One Disturbing Aspect Of The New Hampshire Democrat Debate

Yesterday Hot Air posted an article about the Democrat debate in New Hampshire last week. The article noted that none of the Democrat candidates would have killed terrorist Qassem Soleimani. That is really amazing. Soleimani was the head of the Quds Force, a division of the Revolutionary Guard Corps primarily responsible for extraterritorial military and clandestine operation from 1998 until his death. He was responsible for the killing and maiming of thousands of American soldiers in Afghanistan. It was also reported that he was planning terrorist attacks on numerous American Embassies in the Middle East.

The article reports:

Mayor Pete at least went so far as to say that Soleimani was “a bad guy.” But he then claimed that “taking out a bad guy is a bad idea if you do not know what you’re doing.” Oh, really? Seems to me that our military knew precisely what they were doing. They knew where Soleimani was, where he was heading and took him out with a single drone shot. And the collateral damage was minimal. He also referenced learning lessons from Iraq in that context. Was he implying that Saddam Hussein should still be alive? Is he aware that Hussein was executed by his own people, not the Americans?

…Biden simply says he wouldn’t have ordered the strike because “there’s no evidence yet of an imminent threat that was going to come from [Soleimani].” Two points about that response should have been obvious. First of all, Biden has been out of office for more than three years. He’s not getting the daily intelligence briefings anymore. Much of the intelligence about Soleimani couldn’t be released to the public because it could have exposed sources and methods. So Joe Biden has no way of knowing conclusively about any imminent threats.

And second, the President can and should make the argument that an imminent threat wasn’t even required. The amount of blood on the hands of Soleimani and the Quds Force could be used to paint a mural the size of Texas. At some point, you run out of second chances. We’d been trying to track Soleimani’s movements since the Bush 43 administration. The opportunity came to take him out and Trump took it. You’ll also recall that Joe Biden disagreed with Barack Obama about the raid to take out Osama bin Laden. Sounds like bad guys around the world should sleep well at night if Joe Biden is elected.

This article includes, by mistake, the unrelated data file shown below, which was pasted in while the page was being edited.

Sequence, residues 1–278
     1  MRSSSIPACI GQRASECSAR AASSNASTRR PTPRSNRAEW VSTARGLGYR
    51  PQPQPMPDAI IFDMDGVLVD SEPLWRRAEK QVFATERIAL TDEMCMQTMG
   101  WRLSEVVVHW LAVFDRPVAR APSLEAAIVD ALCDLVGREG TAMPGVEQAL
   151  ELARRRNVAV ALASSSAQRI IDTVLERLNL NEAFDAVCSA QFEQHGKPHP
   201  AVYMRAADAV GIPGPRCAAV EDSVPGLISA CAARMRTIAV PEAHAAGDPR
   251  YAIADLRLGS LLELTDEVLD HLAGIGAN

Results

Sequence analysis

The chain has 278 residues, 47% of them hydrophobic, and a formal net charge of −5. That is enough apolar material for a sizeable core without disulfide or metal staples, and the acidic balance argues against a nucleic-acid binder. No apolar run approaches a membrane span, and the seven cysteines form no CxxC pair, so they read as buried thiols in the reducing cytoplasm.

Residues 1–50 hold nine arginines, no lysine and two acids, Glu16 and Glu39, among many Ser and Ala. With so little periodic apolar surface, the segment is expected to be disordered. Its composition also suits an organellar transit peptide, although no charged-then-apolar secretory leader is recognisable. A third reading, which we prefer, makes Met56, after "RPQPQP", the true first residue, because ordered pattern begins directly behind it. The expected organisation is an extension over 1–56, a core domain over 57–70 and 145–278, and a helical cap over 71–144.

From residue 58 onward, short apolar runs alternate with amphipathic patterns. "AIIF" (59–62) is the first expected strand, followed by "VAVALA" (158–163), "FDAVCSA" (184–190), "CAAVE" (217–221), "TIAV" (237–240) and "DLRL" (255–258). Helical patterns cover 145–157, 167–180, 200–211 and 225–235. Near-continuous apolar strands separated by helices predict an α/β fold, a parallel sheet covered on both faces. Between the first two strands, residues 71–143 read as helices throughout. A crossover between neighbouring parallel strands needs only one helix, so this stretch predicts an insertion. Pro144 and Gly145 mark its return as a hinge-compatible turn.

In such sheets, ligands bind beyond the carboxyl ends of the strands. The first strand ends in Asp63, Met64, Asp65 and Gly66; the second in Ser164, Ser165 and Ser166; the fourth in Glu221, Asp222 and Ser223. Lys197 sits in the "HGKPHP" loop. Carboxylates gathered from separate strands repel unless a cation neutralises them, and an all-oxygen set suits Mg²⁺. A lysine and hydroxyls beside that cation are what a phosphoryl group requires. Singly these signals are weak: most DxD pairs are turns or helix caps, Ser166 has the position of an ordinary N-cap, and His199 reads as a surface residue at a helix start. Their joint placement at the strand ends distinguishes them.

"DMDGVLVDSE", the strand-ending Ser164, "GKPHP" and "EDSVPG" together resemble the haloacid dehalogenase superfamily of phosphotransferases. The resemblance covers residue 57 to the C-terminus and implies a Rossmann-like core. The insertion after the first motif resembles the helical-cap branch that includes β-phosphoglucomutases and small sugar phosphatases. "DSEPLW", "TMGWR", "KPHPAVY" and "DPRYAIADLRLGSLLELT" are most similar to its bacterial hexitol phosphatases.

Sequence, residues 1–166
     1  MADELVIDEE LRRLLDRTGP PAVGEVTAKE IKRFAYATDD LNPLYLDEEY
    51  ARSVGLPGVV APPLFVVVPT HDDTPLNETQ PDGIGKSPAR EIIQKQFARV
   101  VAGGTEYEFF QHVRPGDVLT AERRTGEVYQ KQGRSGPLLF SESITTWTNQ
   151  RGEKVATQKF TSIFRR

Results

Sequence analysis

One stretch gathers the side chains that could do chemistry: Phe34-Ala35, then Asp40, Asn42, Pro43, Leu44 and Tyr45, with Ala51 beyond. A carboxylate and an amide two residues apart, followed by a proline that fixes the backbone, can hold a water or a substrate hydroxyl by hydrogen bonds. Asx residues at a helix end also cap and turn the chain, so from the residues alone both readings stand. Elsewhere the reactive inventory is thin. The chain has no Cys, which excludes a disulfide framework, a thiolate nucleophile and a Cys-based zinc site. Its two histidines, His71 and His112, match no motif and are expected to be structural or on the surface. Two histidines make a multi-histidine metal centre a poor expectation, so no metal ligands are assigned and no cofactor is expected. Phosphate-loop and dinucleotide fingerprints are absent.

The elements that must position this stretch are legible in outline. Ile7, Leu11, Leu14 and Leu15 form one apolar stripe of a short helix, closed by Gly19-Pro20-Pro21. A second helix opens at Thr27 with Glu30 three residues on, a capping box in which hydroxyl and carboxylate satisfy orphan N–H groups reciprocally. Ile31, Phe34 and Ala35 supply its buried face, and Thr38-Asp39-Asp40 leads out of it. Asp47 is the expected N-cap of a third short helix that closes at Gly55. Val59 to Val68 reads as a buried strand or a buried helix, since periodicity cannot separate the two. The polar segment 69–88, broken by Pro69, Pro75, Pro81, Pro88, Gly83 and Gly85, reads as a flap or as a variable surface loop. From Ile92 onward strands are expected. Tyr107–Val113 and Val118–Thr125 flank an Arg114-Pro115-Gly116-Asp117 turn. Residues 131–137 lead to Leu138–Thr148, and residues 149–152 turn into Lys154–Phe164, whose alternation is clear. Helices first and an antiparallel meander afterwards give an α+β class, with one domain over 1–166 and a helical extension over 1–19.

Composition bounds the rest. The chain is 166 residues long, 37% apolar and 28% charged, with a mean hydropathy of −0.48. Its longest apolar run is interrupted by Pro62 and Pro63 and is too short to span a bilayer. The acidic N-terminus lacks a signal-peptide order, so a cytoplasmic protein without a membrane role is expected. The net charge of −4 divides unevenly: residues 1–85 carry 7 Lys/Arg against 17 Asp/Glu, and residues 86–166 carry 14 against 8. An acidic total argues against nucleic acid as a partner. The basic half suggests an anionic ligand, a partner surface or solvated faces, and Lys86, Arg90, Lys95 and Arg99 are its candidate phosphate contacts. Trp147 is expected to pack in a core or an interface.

The article concludes:

Bernie believes you can’t “go around saying you’re a bad guy and we’re going to assassinate you.” That, he believes, would lead to “international anarchy.” He would also prefer that such matters be handled through stronger diplomacy at the State Department. Perhaps he’s pining for the good old days of the Obama administration and thinks Iran will behave better if we go back to sending them pallets of cash. We all saw how that worked out during the previous administration.

Notice how Sanders, along with many other Democrats, chooses to use the word “assassination” when referring to the death of Soleimani, as if he was some sort of public figure deserving of respect. The General wasn’t assassinated. He was a battlefield casualty in the war on terror and a very high-value target.

This crew has demonstrated that they’re basically carbon copies of each other on many key issues. As for the current topic of discussion, they are soft on crime domestically (with calls for criminal justice reform and emptying the prisons) and soft on terror both at home and abroad. And if voters want to pick one of them this November they will fully deserve the whirlwind we’ll reap from that decision.

Just for the record, killing Soleimani made the world safer for everyone. Soleimani had no problem killing innocent civilians if they happened to be in the wrong place at the wrong time. Obviously, he felt that the rules of war did not apply to him (as if everyone plays by the ‘rules of war’). It appears that the current field of Democrat candidates has no idea that they should be protecting America or any other nation from terrorism. That’s sad.

 

The Insanity Of The Mainstream Media

Yesterday The Washington Free Beacon reported the following:

CNN anchor Anderson Cooper compared Qassem Soleimani, the head of the Iranian Revolutionary Guard Corps killed in an American airstrike on Thursday, to French president Charles de Gaulle, a leader of the French resistance against Nazi occupation during World War II.

“Soleimani is—it’s difficult to convey how revered he is in Iran. Imagine the French Foreign Legion, at the height of the French empire. This guy is regarded in Iran as a completely heroic figure, personally very brave,” CNN host Fareed Zakaria said.